June 20, 2004 11:08 pm

My hair is now the shortest it has ever been in the past 15 years:


June 19, 2004 11:08 pm

Hell Yeah! I got a
gmail account! A multitude of thanks to Eli for the lovin' and yes, I plan to be generous with any invites I receive, provided you take your duties as a Beta user very seriously.

My first impressions:
  • The threading organization, which groups related messages into a single conversation, saves display space and is pretty intuitive for users familiar with newsgroups or message boards. However, I haven't found a way to move an individual message from one conversation to another, or to use an individual message as a seed for a totally new conversation thread.
  • Ads are text-only and very unobtrusive - simply a series of blurbs down the rightmost column of the page layout.
  • I like the interface for reading, which includes some useful features: (1) viewing the original headers/HTML source for any message, (2) toggling the display of the original e-mail (so if "X" is a reply to a message containing "Y," you can choose to hide "Y" so that less screen space is used in displaying it), and (3) showing "All Mail," which creates one giant listing of everything you have ever received, sent, or archived.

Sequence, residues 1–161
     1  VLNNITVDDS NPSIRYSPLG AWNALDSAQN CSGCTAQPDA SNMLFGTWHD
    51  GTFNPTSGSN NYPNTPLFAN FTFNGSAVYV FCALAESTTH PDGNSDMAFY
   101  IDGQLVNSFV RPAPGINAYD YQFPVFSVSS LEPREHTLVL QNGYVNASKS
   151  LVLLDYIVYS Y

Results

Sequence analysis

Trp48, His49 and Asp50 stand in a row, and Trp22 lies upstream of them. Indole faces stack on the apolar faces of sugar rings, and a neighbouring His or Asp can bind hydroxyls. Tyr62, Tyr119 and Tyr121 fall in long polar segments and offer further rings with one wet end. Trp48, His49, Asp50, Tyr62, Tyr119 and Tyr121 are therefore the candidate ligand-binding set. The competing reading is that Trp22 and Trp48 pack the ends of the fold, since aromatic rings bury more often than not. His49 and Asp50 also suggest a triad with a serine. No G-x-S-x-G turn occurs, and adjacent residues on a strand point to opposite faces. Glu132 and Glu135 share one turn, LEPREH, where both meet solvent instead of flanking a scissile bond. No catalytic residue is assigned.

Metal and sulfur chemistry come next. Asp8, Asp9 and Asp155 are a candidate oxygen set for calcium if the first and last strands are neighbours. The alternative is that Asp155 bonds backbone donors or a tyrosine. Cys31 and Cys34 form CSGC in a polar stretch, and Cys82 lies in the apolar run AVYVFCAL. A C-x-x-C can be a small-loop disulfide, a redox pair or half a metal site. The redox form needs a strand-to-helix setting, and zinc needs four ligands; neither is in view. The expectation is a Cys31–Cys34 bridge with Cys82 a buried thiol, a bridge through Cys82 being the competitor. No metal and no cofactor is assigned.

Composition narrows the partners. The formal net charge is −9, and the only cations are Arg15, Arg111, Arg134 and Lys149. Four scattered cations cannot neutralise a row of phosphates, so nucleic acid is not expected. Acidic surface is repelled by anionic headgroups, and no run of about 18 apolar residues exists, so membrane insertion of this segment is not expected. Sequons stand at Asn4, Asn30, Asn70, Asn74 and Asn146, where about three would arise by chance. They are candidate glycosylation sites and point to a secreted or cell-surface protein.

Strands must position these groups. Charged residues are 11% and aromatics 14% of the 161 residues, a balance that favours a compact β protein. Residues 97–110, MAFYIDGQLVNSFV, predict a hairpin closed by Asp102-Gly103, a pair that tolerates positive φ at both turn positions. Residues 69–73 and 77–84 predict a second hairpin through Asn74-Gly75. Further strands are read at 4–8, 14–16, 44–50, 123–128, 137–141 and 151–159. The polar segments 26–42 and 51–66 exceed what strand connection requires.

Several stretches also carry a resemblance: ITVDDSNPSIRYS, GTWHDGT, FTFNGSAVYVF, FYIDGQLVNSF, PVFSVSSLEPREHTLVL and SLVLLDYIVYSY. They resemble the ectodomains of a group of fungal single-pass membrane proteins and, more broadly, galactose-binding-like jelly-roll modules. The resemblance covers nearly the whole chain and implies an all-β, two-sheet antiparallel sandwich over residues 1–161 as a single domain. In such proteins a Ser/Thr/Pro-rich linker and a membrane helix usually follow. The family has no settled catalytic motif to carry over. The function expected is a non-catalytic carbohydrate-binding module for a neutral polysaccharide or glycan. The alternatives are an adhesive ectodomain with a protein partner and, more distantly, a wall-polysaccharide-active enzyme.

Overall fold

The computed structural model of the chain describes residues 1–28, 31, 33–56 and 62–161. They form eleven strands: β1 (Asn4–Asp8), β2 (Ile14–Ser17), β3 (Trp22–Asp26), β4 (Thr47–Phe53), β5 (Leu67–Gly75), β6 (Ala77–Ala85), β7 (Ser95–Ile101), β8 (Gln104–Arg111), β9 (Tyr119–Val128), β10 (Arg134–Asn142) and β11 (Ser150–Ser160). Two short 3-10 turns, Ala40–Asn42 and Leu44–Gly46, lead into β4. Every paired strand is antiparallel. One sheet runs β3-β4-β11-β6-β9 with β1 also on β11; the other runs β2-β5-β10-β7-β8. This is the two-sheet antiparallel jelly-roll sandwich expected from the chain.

• Labels are easy to make, apply, and remove.
  • The one gripe I have so far is that labels are applied on a conversation level rather than a message level. For example, if I have 5 messages related to a single conversation, all 5 of those messages would be assigned the same label. I couldn't label 2/5 of the messages as "A" and the other 3/5 as "B." This might be a Beta limitation, or I could just be too dumb to figure out it right now, but it's a pretty severe limitation in my eyes.